This is an important and timely contribution to the highly polarised debate on public and private higher education in South Africa. Neither overtly for the private provision of higher education, nor against, it begins from the assumption that private provision is a reality to be engaged with and that what is required is policy and practice which ensures that private higher education institutions function to increase skills levels in line with national higher education objectives.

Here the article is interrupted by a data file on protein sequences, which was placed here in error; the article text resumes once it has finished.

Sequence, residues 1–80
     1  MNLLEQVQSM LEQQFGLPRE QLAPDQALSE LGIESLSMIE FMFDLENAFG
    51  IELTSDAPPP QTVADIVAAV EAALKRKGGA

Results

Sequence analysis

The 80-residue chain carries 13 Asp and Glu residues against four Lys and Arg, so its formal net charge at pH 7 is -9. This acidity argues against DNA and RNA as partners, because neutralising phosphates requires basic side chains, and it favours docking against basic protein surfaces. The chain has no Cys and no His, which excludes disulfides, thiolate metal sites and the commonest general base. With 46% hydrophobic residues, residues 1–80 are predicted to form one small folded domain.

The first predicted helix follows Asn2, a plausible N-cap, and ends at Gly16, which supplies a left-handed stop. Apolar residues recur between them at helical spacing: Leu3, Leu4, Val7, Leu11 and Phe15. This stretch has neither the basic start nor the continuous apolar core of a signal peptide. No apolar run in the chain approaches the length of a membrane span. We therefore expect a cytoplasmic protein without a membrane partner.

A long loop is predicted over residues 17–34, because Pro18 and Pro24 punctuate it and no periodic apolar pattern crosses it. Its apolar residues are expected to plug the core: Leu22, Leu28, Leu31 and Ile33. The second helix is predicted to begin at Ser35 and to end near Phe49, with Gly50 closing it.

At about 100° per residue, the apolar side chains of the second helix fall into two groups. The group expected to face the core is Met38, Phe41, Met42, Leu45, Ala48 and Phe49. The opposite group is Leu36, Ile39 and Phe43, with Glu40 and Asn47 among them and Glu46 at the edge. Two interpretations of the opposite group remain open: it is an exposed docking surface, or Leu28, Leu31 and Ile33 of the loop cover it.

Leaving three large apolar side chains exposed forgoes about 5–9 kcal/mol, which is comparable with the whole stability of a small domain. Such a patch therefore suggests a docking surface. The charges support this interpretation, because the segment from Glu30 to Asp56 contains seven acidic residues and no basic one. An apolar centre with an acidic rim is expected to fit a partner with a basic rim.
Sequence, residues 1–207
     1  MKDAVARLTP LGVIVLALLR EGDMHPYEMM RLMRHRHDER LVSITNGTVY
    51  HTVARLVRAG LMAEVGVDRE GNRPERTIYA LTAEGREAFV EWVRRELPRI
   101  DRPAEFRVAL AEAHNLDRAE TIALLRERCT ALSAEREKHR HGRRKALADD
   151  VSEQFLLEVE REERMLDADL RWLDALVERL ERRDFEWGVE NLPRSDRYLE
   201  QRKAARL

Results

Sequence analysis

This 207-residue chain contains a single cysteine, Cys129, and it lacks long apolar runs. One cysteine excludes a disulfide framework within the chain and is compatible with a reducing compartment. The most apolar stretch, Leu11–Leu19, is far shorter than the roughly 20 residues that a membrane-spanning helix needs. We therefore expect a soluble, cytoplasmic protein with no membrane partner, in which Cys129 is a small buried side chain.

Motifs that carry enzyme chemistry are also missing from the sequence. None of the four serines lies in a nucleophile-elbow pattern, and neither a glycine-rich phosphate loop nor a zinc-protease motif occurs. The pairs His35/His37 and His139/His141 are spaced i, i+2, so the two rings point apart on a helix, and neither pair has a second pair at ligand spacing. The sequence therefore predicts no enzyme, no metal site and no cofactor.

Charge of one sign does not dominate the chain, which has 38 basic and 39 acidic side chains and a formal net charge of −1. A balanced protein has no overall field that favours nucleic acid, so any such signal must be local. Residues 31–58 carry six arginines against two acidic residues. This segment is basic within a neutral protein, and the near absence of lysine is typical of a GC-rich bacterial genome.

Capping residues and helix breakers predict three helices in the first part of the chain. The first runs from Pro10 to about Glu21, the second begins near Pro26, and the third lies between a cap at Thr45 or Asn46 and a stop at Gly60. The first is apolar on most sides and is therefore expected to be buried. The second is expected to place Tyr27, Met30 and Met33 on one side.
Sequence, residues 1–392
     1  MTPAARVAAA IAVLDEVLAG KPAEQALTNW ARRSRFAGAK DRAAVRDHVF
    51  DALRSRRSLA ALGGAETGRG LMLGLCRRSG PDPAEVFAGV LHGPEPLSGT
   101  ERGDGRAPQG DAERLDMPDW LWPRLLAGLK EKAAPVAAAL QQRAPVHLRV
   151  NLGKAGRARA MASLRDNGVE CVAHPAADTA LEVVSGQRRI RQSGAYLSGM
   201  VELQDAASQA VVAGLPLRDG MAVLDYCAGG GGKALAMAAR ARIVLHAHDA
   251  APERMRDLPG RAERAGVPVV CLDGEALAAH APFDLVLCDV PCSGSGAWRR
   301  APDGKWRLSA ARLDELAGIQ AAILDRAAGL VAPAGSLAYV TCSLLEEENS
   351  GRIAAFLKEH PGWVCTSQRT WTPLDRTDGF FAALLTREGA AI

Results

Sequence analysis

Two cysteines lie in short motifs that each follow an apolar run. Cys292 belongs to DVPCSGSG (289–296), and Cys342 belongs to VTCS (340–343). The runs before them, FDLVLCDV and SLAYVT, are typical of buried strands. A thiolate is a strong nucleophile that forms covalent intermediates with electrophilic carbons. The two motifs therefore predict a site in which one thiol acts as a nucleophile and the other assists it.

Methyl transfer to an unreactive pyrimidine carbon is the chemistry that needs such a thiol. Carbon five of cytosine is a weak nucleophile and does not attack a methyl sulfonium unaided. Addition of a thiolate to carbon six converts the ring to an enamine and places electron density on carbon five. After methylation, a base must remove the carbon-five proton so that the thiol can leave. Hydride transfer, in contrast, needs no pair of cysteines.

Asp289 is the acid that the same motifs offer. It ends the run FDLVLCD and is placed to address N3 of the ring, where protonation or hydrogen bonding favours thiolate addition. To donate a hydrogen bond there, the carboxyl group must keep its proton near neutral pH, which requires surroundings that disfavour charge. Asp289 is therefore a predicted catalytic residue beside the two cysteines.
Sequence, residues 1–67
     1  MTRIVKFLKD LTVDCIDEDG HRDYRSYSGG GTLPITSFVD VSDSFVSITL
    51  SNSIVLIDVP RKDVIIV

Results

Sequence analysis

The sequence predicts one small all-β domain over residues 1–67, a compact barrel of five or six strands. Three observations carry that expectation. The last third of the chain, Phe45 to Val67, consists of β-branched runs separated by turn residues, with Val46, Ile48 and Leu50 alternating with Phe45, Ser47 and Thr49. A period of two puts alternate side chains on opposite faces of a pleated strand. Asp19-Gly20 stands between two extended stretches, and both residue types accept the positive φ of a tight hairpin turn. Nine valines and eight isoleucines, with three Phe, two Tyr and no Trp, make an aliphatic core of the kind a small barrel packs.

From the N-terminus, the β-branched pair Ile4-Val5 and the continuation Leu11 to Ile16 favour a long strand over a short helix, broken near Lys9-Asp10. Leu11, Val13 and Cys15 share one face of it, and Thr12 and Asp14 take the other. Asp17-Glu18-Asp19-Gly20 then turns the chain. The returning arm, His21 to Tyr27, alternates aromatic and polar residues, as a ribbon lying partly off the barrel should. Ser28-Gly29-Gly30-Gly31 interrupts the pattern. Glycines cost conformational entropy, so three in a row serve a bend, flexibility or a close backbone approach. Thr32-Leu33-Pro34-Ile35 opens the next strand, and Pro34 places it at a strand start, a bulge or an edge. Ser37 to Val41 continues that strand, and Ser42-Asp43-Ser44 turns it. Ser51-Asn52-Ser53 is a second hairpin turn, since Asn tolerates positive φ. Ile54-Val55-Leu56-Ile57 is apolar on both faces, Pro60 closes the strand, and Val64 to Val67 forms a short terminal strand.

Based on an empirical, qualitative investigation, the study builds a systematic picture of two distinct sub-sectors within private provision and uses this as a basis for understanding the potentially complementary or competitive role of private institutions in the sector as a whole. This analysis prompts a re-examination of the distinction between the private and the public, between complementarity and competition, and points to ways of engaging the two sub-sectors so as to promote national skills development. This book is essential reading for anyone involved in higher education.